position in the aggregate, relative to the first.
• Design Issues:
What types are legal for subscripts?
Are subscripting expressions in element references range checked?
When are subscript ranges bound?
When does allocation take place?
What is the maximum number of subscripts?
Can array objects be initialized?
Are any kind of slices allowed?
• Def: mapping from indices to elements
map(array_name, index_value_list) : an element
• Syntax
– FORTRAN, PL/I, Ada use parentheses
– Most others use brackets
• Subscript Types:
FORTRAN, C - int only
Pascal - any ordinal type (int, boolean, char, enum)
Ada - int or enum (includes boolean and char)
Java - integer types only
Categories of Arrays
Static and Fixed Stack
• Static
• (based on subscript binding and binding to
Fixed stack dynamic
– range of subscripts and storage bindings are static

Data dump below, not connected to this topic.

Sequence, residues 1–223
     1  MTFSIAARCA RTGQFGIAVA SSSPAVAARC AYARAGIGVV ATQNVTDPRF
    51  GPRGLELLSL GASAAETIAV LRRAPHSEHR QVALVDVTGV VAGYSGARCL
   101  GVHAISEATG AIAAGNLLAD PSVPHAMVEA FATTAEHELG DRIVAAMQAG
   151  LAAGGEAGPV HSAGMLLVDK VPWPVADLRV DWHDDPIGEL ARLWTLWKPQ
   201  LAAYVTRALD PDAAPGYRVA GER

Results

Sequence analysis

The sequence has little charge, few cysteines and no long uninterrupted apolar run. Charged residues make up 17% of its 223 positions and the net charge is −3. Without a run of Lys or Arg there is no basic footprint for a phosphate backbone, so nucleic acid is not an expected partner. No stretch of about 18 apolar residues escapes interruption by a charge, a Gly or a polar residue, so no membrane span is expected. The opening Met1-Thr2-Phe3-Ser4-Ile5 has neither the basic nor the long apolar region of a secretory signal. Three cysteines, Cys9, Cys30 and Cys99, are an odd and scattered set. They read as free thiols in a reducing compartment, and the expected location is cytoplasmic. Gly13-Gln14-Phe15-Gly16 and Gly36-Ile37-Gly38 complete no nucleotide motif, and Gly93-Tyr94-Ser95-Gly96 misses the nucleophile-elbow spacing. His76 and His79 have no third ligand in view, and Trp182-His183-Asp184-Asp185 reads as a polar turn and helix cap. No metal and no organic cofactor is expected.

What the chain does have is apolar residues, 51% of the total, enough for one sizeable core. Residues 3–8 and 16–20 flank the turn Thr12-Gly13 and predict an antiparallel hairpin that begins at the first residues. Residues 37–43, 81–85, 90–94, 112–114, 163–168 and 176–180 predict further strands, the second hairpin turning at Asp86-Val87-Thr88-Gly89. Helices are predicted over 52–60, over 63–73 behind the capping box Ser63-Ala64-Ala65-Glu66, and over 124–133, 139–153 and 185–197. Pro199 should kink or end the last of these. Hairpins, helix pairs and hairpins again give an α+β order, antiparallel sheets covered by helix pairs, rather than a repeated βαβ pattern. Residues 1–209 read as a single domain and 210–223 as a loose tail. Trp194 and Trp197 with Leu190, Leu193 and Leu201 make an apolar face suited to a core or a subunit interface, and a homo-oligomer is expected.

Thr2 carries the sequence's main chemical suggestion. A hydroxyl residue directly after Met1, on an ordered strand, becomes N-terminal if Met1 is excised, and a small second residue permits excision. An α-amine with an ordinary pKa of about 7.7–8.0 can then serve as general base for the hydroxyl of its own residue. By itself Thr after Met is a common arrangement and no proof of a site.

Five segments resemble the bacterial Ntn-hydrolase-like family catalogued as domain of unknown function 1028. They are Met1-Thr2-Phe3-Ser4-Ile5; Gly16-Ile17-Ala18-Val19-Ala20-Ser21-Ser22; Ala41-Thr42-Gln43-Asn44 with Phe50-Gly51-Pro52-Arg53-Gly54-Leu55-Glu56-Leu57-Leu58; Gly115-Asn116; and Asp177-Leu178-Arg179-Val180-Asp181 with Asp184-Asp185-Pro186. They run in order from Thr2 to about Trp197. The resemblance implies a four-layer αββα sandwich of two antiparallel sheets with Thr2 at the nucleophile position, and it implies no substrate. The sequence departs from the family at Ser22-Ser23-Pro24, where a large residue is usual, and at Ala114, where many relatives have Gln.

– e.g. FORTRAN 77, some arrays in Ada, static and
global C arrays
– Advantage: execution efficiency (no allocation or
• Fixed stack dynamic
– range of subscripts is statically bound, but storage
is bound at elaboration time
– e.g. Pascal locals and, C locals that are not static
– Advantage: space efficiency
• Range and storage are dynamic, but fixed from
then on for the variable’s lifetime
e.g. Ada declare blocks:
STUFF : array (1..N) of FLOAT;
• Advantage: flexibility - size need not be
known until the array is about to be used
• Subscript range and storage bindings are
dynamic and not fixed
• e.g. (FORTRAN 90)